Longboarding death prompts calls for new safety measures
BURLINGTON, Vt.- When you drop your kids off at college, you never expect it’s the last time you will see them. “Everyone’s not really talking as much as they used to. It’s just really sad,” said Zach Briggs, a freshman at Champlain College. Briggs had just met 18-year-old Peter Cernansky; they lived in the same dorm for less than a week. Cernansky died after falling and hitting his head longboarding in Burlington. He was not wearing a helmet. Longboarding is like skateboarding with a longer board. “I actually called my mom… just to tell her I loved her, just because I needed to tell her. Just so you know I’m OK, but this is what’s going on. And I lost it, I started crying right there,” Briggs said. “And I don’t know why I’m crying because I hardly knew him, but it was really upsetting.”
Four days later, signs of the accident are still on Spruce Street; spots where police marked Cernansky’s trajectory, and flowers left nearby. “It’s so upsetting,” said Stefanie Waite, who lives just a few feet from where Cernansky lost control.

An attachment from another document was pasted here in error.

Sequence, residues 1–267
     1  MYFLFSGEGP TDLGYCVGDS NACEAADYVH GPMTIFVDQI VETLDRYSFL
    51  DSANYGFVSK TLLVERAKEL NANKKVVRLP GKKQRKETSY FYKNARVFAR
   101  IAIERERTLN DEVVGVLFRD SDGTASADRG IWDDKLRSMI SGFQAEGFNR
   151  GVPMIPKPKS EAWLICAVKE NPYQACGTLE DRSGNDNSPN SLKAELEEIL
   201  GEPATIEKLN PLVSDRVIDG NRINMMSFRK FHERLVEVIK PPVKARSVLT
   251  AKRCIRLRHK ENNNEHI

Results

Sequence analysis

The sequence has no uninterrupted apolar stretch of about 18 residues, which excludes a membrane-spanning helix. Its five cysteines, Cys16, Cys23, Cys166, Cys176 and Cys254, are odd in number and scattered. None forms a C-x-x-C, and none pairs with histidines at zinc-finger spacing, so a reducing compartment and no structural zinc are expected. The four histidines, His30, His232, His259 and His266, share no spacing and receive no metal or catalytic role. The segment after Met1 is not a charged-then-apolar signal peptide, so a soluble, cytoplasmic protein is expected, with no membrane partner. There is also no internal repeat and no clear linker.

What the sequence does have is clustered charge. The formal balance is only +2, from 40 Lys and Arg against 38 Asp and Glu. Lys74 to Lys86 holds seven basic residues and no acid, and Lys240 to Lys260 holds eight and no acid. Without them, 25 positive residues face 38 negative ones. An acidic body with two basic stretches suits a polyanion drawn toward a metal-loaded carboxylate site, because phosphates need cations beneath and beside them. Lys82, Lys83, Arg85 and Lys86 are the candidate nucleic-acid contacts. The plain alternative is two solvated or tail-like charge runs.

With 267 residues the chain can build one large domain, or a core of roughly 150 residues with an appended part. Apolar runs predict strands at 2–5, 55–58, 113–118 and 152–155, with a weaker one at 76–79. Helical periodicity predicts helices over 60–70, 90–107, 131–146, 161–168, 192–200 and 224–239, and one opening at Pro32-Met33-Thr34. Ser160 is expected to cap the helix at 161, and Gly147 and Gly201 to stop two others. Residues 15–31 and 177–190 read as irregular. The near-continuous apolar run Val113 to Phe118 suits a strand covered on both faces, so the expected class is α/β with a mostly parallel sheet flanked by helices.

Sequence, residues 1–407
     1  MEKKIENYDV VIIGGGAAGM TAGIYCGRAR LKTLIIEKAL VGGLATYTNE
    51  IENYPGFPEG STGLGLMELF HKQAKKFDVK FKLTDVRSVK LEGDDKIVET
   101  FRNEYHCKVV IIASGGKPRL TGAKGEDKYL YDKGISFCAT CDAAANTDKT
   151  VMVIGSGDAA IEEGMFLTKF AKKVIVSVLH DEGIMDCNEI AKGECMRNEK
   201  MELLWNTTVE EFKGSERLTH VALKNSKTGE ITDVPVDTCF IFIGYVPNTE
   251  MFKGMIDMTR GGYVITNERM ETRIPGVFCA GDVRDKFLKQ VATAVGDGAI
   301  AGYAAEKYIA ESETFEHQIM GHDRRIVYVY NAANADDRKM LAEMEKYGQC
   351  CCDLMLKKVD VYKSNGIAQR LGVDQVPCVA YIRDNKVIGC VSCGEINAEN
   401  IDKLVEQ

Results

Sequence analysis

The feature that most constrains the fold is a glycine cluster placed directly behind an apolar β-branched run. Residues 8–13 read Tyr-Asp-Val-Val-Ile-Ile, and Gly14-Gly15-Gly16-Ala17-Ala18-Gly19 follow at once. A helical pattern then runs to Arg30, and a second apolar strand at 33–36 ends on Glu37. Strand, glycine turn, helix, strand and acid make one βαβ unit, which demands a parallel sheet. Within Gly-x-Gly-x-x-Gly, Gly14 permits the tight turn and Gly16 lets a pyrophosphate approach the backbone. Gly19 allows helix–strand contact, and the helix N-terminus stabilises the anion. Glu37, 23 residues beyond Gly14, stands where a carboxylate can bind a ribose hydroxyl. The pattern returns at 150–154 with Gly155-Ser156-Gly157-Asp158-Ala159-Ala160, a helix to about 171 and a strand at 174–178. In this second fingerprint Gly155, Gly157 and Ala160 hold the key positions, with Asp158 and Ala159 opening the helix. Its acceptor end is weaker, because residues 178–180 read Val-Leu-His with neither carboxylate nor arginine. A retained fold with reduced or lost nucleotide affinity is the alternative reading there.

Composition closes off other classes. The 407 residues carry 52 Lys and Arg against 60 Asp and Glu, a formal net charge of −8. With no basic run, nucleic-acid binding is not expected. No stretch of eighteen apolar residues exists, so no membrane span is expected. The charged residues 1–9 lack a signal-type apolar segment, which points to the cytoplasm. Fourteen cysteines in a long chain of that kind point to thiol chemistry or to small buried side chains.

Waite says the riders on her street always made her nervous and she was worried someone would get hurt. “There are kids skateboarding here almost every afternoon,” she said. Waite and her neighbors are taking action on their own, going into the street telling riders to slow down and wear safety gear. “Now we’re more aware than ever if they have helmets on, so now we come out and tell them to please wear one,” Waite said. Mayor Miro Weinberger, D-Burlington, says he hopes the tragedy will focus the city on the issue of riding and safety, but he’s just not sure yet what the solution is. “The possibility of whether there should be some kind of helmet law is something the city should look into,” Weinberger said. At Champlain College, counselors are helping students and faculty deal with the loss. “This is the stuff you hear about,” Briggs said, “the stories the school tells you about when you come in. And we’re living it. It’s just awful.”
Residents on Spruce Street say that they aren’t sure what exactly should be done; some say speed bumps and others just want there to be greater awareness about safety.